Chinese New Year Celebration at Lucky Envelope Brewing! (Day 2): Things to consider when celebrating Chinese New Year

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Sixteen days (from New Year's to Lantern Festivals) will be marked in Chinese New Year. Preparations begin on New Year's Eve seven days before it. Many celebrations are traditional customs for this period, but some are very new.

The Chinese New Year is an incomparable festival. It's a week, technically, but for many people, it's like Chunjie (Spring Festival) is about forty days of celebrations, as the Lunar calendar is established, but always late January and mid-February. The journey involved was called the world’s largest annual human migration. China holds 1.4 billion people and, every year; almost three billion fans fill their hometowns around the world (18.4 percent of the world’s total population).

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Not only in mainland China and Hong Kong is the holiday celebrated. Lunar New Year is the Spring Festival for Chinese people, and it is widely celebrated in Taiwan and in countries of great Chinese communities, like Singapore and Malaysia. Lunar New Year's name is Seollal in Korea, Tet in Vietnam and Losar in Tibet.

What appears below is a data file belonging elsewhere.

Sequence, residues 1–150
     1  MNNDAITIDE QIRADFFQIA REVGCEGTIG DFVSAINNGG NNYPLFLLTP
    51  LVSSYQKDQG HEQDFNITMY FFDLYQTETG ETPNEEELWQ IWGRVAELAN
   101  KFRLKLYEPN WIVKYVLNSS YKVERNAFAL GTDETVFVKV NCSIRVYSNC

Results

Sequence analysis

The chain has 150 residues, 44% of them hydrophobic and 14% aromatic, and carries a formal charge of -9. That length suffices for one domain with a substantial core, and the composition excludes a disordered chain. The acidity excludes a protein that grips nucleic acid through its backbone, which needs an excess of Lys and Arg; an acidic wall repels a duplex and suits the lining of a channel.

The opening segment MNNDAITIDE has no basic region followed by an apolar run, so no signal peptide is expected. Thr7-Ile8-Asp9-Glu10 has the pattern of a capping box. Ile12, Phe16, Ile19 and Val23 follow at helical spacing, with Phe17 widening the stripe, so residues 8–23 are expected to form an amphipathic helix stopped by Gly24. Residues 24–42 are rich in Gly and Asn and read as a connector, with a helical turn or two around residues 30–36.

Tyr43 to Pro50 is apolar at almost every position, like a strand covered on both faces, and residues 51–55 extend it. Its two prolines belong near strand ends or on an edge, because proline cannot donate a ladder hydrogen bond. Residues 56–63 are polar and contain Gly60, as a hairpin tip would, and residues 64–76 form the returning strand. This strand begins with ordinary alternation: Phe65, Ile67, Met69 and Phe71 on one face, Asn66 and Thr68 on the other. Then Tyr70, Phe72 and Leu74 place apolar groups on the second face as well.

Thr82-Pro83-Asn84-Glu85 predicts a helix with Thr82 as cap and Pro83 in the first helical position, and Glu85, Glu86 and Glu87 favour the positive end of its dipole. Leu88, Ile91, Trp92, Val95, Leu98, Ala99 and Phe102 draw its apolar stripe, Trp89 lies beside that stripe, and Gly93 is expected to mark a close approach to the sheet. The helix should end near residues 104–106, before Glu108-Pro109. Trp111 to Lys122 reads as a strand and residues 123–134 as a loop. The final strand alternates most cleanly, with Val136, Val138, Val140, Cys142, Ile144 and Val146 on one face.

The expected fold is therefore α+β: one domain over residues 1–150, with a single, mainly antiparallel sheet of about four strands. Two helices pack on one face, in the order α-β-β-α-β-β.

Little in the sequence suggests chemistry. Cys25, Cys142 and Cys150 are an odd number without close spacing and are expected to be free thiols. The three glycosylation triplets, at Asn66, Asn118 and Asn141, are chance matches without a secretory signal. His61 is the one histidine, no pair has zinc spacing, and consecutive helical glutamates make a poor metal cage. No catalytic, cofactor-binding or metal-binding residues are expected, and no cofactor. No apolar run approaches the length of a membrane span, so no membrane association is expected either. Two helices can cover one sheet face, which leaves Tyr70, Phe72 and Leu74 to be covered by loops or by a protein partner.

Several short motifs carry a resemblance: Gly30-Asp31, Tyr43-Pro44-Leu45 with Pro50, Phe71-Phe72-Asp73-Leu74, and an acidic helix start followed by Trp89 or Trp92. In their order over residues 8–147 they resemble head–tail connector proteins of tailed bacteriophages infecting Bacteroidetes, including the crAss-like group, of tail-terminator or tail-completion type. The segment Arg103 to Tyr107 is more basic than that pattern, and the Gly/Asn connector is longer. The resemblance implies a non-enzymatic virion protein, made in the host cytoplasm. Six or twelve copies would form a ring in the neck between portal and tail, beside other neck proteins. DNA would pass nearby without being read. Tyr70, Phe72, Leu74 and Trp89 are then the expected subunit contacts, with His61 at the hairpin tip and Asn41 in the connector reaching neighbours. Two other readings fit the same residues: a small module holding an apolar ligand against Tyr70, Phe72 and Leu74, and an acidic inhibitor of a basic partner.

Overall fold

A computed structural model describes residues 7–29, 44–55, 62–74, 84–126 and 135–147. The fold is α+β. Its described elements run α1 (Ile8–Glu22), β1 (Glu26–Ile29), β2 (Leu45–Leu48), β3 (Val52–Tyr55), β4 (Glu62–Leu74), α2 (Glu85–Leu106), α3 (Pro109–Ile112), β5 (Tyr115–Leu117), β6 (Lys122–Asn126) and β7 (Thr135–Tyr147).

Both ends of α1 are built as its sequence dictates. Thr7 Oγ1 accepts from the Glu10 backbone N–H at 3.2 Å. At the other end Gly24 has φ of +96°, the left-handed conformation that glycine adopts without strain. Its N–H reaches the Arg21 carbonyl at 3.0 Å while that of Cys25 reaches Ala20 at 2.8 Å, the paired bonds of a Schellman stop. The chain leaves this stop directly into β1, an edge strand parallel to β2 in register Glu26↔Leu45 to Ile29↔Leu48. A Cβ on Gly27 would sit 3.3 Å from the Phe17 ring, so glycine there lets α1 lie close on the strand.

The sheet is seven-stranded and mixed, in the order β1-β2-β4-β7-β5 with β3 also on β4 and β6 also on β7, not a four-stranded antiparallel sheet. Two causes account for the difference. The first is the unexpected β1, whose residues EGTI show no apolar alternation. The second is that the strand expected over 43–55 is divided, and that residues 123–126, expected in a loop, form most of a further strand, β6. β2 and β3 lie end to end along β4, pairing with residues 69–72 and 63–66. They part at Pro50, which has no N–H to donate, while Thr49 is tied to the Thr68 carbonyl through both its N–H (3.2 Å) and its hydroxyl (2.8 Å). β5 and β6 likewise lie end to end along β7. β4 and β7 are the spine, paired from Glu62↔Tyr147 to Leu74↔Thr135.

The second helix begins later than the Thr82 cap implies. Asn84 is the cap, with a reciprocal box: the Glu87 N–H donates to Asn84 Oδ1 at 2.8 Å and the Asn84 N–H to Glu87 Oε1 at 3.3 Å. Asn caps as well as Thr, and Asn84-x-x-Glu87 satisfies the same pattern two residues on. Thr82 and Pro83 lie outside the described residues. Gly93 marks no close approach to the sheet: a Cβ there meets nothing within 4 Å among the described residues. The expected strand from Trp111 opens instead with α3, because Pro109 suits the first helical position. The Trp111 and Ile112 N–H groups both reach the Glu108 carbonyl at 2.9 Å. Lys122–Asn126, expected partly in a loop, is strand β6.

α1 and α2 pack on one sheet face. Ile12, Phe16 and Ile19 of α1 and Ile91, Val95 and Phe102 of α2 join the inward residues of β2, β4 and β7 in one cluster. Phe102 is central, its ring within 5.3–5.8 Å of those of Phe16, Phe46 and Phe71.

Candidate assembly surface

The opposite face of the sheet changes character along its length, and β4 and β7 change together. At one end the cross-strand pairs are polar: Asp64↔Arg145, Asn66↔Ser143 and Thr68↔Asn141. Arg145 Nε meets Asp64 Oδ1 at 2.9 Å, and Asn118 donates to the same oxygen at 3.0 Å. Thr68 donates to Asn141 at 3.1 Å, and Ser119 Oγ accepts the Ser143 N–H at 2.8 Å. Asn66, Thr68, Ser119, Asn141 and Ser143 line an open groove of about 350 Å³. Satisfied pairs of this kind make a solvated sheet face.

This year is the Year of the Pig. There are 12 Zodiac signs in China, and they are taken much more seriously than the background horoscope. Some signs, such as the dragon, are desirable because dragons are seen as authoritative, strong and successful. In dragon years, couples will try to have babies. Certain symbols are said to fit together: Dog (sincere, loyal, and autonomous) and Rabbit (sensitive, modest, warm) are thought to be a good pair. If you were born between, say, February 17th, 1988 and February 5th, 1989 then you're the dragon. You're determined by year of birth–using a lunar calendar. You'd think your Zodiac year is lucky, but it's the other way round. You must still watch out for bad luck.